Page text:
Will a ban on snacking on public transport really help combat obesity?

https://www.newscientist.com/article/2219631-will-a-ban-on-snacking-on-public-transport-really-help-combat-obesity/

Woman eating sandwich on London underground

Snacking on the London Underground would be banned under a new proposal

Anadolu Agency/Getty Images

Eating and drinking while on urban buses, trams and trains should be banned to help address the rising rate of child obesity, according to a report published today by the outgoing chief medical officer for England, Sally Davies.

It isn’t the only recommendation made in the report. There are 49 in total, including less controversial ones, such as a call for more research on why people in the West are growing fatter, on average.

But the ban on snacking while travelling has attracted the most attention. Although there would be exceptions for drinking water, for breastfeeding and for anyone with a medical need to eat, it would apply to adults as well as children.

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There have been complaints on social media that it would make things harder for those with busy lives who need to refuel while travelling to work, for instance. So what is the supporting evidence?

In the report, the travel snack ban comes as part of a set of strategies aimed at letting children grow up “free from marketing, signals and incentives to consume unhealthy food and drinks”. The other proposals in this group, such as further restrictions on junk food adverts, at least have some clear logic behind how they would achieve this goal, whether or not you agree with them.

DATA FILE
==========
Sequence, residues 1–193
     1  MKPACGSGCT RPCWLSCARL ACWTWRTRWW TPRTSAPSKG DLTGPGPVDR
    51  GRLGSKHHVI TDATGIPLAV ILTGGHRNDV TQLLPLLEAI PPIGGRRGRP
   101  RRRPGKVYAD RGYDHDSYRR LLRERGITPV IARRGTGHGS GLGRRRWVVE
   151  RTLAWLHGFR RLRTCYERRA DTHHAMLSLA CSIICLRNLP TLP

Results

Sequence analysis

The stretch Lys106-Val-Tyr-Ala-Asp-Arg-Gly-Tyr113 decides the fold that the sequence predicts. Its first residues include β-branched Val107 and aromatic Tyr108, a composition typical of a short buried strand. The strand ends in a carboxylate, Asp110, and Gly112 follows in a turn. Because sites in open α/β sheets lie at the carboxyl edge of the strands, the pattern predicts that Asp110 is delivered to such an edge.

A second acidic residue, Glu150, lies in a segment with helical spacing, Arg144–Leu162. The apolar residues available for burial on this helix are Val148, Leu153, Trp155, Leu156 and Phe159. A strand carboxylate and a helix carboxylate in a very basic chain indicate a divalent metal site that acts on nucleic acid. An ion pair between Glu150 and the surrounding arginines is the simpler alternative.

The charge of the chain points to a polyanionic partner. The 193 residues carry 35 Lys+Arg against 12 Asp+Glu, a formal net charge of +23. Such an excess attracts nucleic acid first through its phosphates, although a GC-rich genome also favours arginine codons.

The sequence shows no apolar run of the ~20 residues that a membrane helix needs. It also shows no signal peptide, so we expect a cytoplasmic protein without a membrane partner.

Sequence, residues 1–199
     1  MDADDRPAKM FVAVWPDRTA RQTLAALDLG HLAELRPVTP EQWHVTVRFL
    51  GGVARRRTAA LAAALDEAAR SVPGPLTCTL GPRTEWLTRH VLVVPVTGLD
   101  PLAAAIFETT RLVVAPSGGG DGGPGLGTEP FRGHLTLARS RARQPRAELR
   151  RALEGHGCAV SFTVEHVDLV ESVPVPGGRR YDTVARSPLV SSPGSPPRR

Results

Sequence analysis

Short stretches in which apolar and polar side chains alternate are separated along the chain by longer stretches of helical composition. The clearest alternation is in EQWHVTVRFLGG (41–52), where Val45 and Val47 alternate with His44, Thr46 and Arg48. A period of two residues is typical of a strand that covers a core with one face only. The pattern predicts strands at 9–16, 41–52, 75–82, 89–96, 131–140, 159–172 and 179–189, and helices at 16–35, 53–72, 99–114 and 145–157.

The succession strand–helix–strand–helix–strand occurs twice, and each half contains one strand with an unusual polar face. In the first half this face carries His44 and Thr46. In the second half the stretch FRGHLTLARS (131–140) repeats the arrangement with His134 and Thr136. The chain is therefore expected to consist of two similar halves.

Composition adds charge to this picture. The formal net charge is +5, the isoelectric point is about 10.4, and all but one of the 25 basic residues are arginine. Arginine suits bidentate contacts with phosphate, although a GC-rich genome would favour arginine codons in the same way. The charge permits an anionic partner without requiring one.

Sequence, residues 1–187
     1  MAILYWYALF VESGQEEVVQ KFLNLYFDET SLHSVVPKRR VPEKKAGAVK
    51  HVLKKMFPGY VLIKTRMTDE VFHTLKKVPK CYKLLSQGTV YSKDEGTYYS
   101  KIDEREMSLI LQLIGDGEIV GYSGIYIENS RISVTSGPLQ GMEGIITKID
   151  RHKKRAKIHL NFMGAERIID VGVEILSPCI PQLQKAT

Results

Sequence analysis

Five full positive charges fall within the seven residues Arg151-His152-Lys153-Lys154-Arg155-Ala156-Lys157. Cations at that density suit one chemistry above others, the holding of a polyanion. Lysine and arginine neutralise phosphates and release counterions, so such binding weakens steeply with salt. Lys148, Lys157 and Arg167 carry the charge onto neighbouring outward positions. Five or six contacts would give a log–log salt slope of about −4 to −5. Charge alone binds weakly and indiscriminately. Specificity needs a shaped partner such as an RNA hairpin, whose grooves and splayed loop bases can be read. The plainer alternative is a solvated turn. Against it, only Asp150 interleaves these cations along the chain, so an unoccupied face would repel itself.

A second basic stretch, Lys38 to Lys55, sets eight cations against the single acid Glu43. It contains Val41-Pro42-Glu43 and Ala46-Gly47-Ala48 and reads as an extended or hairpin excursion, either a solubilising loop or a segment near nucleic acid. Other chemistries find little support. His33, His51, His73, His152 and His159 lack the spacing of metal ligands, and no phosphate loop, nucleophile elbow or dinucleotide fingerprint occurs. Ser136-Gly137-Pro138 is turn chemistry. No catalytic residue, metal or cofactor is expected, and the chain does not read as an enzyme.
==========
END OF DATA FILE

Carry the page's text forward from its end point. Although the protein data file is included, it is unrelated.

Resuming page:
But the link between obesity and a habit of eating while travelling is less clear, and Davies doesn’t provide much explanation. Her idea seems to have come out of the blue.

It is fair to say that most people eating while on public transport probably aren’t having a lovingly prepared salad – we are more likely to be scoffing a chocolate bar or a packet of crisps. As Davies points out, sweet and savoury snacks are thought to be a particular contributor to obesity. Portion sizes have been rising on the whole, especially in food eaten outside the home. The average size of a family pack of crisps, for instance, has risen by 50 per cent in the past 20 years, from 100 to 150 grams.

Other studies have shown that children respond to unhealthy food being advertised on television by eating more of it, and fail to compensate by eating less at subsequent meals. “This will, over time, lead to weight gain,” says Davies.

Perhaps the aim of the ban is simply to whittle away at the opportunities we have for cramming in the calories, or maybe it is to stop children seeing the adults around them enjoying these foods. But the report does have the whiff of a move away from gently nudging people into eating less unhealthy food to physically stopping them from doing so.

It would chime with other more combative anti-obesity policies coming into vogue, such as banning snack vending machines in hospitals and restricting the number of takeaway shops allowed to operate in any given area.

We can’t find out more about the evidence to support the travel snack ban, as Davies has recently stepped down from her position as chief medical officer and the relevant government press office says this means it doesn’t have to answer any questions about it.

That isn’t good enough. True, Davies’s recommendations won’t automatically be followed, but the report was commissioned by UK health secretary Matt Hancock earlier this year and has become an official public document that is likely to influence future health policy. The public has the right to know how well supported it is by facts.

The rising rate of obesity has been called, with some justification, the biggest public health problem currently faced by Western countries. Other anti-obesity initiatives have failed before. It is vital that any further steps we take to combat it are firmly grounded in evidence.

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